Sunday, August 19, 2012

Sphinx Doc, JSON highlight and Sphinx extensions: kung-fu

At the moment Pygments which used by Sphinx Doc haven't support for JSON code highlight which is really sad.

I've not found any useful information how to do it quickly. So here is my way:
  1. I've found custom pygments lexer which support JSON: pygments-json . I will be part of pygments soon
  2. It wasn't clear to me how to add custom pygments lexer to sphinx, my google-fu isn't good today
  3. A bit more googling gave me Sphinx Extensions API , especially add_lexer method of Sphinx instance
Ok, now it's clear to me how to add new lexer. I've created ext/hijson folder within source, to __init__.py I've added setup function:

Also here is how to add support of ext folder as folder with custom extensions So, pip install pygments-json and use

.. code-block:: json

Nice and smooth:

Thursday, July 19, 2012

PyFlakes-clean import of local_settings.py

Any project have own bunch of settings for different environments: for dev, production, staging. Everyone use it on daily basis. But annoying thing is that PyFlakes, great code analysis tool, warn about that. And it's reasonable.

So, to have this functionality, but without warning I use this pattern:

try:
    import local_settings
    for setting in dir(local_settings):
        if setting.startswith('_'):
            continue
        locals()[setting] = getattr(local_settings, setting)
except ImportError:
    pass

Simple and useful!


Update: I've added ignore of attributes which starting with underscore. Thanks to Igor Davydenko

Sunday, July 8, 2012

Unstable HTTP services: what we can do to easily handle that?

The story: I have several HTTP service providers which works quite unstable. Yes, I had to have in mind this during development. But we're all thought that issues are "temporary" and will gone when we going to production. We accurately added logging.error in every place and move on with other stuff.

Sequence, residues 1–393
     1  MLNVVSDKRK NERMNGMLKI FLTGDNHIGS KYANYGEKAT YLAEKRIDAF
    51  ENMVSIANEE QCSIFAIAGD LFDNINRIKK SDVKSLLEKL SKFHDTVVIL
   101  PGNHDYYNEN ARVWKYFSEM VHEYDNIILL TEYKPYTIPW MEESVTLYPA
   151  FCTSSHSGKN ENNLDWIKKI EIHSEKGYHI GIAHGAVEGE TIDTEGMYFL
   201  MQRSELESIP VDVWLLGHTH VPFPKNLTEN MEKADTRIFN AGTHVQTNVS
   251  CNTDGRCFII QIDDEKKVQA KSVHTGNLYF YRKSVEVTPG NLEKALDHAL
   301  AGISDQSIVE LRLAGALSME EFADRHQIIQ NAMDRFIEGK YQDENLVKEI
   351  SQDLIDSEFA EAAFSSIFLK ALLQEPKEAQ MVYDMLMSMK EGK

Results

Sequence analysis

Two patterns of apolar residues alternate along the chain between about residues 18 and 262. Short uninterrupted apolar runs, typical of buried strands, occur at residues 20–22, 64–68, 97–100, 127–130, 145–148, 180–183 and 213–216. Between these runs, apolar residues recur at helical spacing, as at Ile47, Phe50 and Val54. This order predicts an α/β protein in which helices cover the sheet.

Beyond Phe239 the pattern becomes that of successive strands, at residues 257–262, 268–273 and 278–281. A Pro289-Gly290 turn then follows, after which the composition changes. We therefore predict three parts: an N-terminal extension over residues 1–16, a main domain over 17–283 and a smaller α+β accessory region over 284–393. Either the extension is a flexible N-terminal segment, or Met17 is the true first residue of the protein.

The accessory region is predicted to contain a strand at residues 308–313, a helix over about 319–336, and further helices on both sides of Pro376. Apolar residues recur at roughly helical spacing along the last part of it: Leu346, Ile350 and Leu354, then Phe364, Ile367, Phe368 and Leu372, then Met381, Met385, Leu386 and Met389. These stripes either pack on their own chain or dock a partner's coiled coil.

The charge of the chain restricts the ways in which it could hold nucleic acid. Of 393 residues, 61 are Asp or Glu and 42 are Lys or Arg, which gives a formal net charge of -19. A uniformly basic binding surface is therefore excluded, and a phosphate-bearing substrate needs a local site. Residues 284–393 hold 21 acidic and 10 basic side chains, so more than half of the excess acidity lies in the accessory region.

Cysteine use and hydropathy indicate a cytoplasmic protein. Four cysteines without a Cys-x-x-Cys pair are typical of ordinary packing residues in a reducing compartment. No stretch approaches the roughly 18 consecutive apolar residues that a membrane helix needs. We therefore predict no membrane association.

But our expectation about temporary nature of service behavior will never happen. Service sometimes work slowly, sometimes return HTTP errors and so on. We receive tons of exceptions every day. We had to do something with that.

The solution: Here is safe_exec decorator which help solve this problem. You can specify how many times you want to try execute function, what's timeout between them and what exceptions are expected during execution decorated function. For example, urllib2.urlopen may generate urllib2.URLError or  urllib2.HTTPError.

import logging
import time

from functools import wraps

__all__ = ("safe_exec",)


def safe_exec(exceptions, shakes=3, timeout=1, title="", **kwargs):
    """
    Decorator to safely execute function or method
    within `shakes` trying.

    In case provide argument `default` exception will not
    be raised and will return provided value.
    """
    def wrap(func):
        if not isinstance(exceptions, tuple):
            raise TypeError(
                "First argument of safe_exec should be tuple of exceptions"
            )

        @wraps(func)
        def wrapped(*args, **kwargs):
            result = None
            orig_exception = None
            for shake in range(shakes):
                try:
                    result = func(*args, **kwargs)
                    break
                except exceptions, orig_exception:
                    logging.warn("%s: Sorry, can't execute %s, shake #%d",
                        title,
                        func.__name__,
                        shake,
                        exc_info=True
                    )
                    time.sleep(timeout)
            else:
                logging.error(
                    "%s: Can't execute `%s` after %d shakes",
                    title,
                    func.__name__,
                    shakes